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Nivea Germany puts the public under a stress test and Coral offers a free bet to Win a Million

21st February 2013

Good PR

Nivea Germany puts public under stress test

To promote its new Stress Protect deodorant, Nivea in Germany pranked unsuspecting members of the public in an airport, creating a brief reality where they were made to feel that they were wanted for an unknown crime.

More than four million people have watched the stunt. Members of the public were secretly photographed, their pictures used as the basis for the stunt and printed on the front page of newspapers along with the headline "suspect on the run". Public announcements described the appearance of the "suspects", whilst quickly filmed news broadcasts warned that they might be dangerous to approach – thereby making the unwitting participants feel stressed.

The campaign might be very tenuously linked to Nivea, but it’s a nice example of a creative stunt well done. Watch it below:

Coral's free bet to Win a Million

Betting PR campaigns usually revolve around big stunts and fun executions, but this one is a nice and simple effort staying true to their product.

Coral ran a Win a Million competition, with one punter, Simon Pike from Wiltshire, correctly predicting six correct Champions league scores. He needed two more correct bets to win £1m.

I’ll let Coral’s tweets (in order) tell the story:

1. From over 72,000 entrants we have one lucky punter left in our Win a Million competition!

2. He's got 6 already and the results he needs tonight are: Milan 0-2 Barcelona and Galatasaray 1-1 Schalke TO WIN A MILLION QUID!

3. In a few hours time, one man’s life could change forever! A Million quid from a free bet over just 8 matches!

4. RT @SimonTorresPike@Coral Hi, here is the ticket for tonight... fingers crossed smile 


5. Remember, this 'Win a Million' was a special free to enter promotion, that's why they're all 100/1 on the slip. He's just 2 scores away!

6. He we go. @SimonTorresPike is less than two hours away from a life changing win. #PrayForSimon

7. The tension is unbearable. Gala 1-1Schalke. The £1,000,000 payout is on!

8. (When Barcelona lost 2-0 to AC Milan – Simon had predicted the opposite, Coral tweeted) What a disgusting goal to kill the dream. Still, a fantastic effort from@SimonTorresPike. Simon, we have sent you a DM.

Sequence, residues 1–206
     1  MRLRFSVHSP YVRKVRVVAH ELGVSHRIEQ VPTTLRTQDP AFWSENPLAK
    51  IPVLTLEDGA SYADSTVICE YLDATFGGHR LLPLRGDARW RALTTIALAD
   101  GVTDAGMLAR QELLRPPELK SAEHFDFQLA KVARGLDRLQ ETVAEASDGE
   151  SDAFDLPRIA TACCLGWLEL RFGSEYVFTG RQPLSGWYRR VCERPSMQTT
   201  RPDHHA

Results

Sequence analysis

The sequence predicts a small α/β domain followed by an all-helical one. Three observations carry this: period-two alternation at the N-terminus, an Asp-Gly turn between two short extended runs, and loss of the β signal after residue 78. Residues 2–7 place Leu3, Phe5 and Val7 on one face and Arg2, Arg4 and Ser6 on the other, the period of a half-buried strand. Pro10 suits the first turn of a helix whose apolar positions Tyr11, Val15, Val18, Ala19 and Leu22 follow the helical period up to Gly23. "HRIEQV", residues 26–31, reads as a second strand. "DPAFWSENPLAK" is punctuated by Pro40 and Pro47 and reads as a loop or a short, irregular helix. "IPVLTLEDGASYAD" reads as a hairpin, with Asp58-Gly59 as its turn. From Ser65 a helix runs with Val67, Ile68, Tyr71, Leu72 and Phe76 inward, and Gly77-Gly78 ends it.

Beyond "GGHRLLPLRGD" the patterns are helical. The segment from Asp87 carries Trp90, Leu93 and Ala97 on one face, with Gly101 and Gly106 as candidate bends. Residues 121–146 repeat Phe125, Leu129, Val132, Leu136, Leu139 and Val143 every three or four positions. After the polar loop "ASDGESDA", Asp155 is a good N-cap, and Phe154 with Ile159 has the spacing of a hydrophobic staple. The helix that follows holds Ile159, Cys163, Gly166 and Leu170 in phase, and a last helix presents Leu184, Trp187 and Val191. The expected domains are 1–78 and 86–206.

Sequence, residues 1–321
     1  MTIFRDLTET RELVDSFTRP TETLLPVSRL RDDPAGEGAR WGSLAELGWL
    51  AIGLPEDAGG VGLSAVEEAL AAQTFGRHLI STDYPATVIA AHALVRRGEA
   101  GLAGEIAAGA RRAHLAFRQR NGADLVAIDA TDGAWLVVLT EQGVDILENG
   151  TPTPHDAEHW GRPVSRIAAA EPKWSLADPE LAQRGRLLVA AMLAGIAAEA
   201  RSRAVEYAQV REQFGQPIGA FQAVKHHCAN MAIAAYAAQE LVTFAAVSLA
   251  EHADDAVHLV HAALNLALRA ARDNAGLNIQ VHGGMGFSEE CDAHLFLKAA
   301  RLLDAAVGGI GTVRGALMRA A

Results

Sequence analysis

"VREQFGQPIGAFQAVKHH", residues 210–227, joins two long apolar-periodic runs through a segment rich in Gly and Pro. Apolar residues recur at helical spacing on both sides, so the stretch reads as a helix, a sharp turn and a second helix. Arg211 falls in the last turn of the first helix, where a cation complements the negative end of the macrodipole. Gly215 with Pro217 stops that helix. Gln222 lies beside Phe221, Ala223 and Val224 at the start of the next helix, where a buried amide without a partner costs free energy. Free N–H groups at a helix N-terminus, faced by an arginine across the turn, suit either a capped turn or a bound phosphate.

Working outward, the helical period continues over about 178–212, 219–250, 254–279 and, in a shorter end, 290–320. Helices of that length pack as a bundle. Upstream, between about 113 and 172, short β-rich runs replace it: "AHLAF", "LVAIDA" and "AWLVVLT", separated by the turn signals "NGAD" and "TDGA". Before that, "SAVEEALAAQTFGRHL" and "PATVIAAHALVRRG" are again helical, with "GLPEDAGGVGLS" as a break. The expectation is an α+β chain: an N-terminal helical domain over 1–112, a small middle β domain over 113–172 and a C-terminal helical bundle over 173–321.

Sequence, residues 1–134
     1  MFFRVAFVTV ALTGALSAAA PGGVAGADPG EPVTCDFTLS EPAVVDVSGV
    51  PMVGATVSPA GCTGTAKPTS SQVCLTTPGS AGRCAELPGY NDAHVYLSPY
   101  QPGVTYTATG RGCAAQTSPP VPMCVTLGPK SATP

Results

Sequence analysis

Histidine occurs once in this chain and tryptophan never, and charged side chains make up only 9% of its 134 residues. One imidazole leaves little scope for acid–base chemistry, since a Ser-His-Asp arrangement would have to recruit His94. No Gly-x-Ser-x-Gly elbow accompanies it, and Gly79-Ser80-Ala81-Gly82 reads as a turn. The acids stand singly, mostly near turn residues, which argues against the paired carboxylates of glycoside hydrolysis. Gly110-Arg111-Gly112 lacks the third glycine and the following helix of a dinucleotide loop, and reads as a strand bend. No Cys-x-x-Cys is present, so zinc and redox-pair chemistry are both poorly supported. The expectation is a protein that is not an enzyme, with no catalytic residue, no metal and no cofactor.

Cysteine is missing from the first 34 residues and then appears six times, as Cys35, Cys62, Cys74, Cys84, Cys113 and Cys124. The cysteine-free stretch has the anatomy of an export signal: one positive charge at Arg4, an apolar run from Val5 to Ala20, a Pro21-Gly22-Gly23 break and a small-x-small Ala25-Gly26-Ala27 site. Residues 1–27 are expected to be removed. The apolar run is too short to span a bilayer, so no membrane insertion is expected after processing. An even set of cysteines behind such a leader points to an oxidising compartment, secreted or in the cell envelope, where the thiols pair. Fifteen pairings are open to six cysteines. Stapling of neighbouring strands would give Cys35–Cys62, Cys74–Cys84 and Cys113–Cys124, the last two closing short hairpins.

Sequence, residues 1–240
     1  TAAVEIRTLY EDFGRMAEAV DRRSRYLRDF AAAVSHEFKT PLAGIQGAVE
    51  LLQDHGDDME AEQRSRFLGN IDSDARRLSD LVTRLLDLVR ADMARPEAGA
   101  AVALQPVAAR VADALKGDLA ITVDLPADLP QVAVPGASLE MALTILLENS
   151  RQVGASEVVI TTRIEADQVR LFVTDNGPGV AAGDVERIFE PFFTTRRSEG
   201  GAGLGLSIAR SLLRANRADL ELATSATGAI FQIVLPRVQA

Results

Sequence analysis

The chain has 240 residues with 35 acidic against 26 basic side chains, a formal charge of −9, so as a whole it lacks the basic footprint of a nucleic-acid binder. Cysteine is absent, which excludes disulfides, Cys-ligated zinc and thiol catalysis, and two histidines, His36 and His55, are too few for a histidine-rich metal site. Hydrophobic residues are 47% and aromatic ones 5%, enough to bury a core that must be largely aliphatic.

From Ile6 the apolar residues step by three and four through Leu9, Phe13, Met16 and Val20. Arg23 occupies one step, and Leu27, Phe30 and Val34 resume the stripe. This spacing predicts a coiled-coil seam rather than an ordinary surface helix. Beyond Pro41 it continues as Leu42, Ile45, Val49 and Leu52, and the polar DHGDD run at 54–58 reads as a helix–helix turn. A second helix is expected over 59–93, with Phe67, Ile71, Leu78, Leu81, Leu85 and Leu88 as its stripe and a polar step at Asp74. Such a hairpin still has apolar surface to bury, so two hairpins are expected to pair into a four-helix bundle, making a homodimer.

9. As a consolation, we're going to take @SimonTorresPike and a mate out to the return leg in Barcelona. Well played for getting so far.

Hundreds of people were tweeting and retweeting each message, really getting behind Simon’s bid to become a millionaire from a free bet.

Although Simon ended up with a relatively paltry trip to Barcelona to watch the return leg – in contrast to the £1m I’m sure he would have much preferred – Coral didn’t have to do anything at all, and took advantage of a great customer story to promote its brand.

Thanks to Umpf’s Tom Scott for tweeting me with this!

Bad PR

BET and MTV get "hacked"

Taking a cue from Burger King and Jeep, whose Twitter accounts were both hijacked in the last week, BET and MTV were at the centre of what has to be one of the most embarrassing marketing efforts in recent memory.

The brands essentially switched roles and tweeted about one another, in an oh-so-madcap bid to convince Twitter users that they’d each been taken over by an unknown super-criminal with a penchant for on-brand promotion and a broken caps lock key.

I presume, as Eminem once prophesised, BET and MTV are grieving fo-sheezy, after their dad-dancing-at-a-wedding-like social media turn this week was roundly ridiculed. An almost fawning post on Mashable is the only thing I’ve seen written about the effort that didn’t point out that this is exactly the reason people hate marketers.

Just before the accounts were ‘hacked’ (in a world where working out somebody’s password construes hacking), MTV’s marketing manager Annie Schoening asked everybody to watch @MTV:

BET’s social media pugilist JP Lespinasse tweeted to warn people of the impending fun, too:


Thanks to’s James Cuff and Tottenham Hotspur’s Roberto Kussabi for reminding me of this. I’ll now have to work hard to forget about it all over again.

Have you seen any good or bad PR?

Contact PR Rich Leigh with it by tweeting him @GoodandBadPR or by emailing throughout the week and we’ll happily credit you for your trouble.

Good and Bad PR is a feature on the blog of 10 Yetis PR Agency

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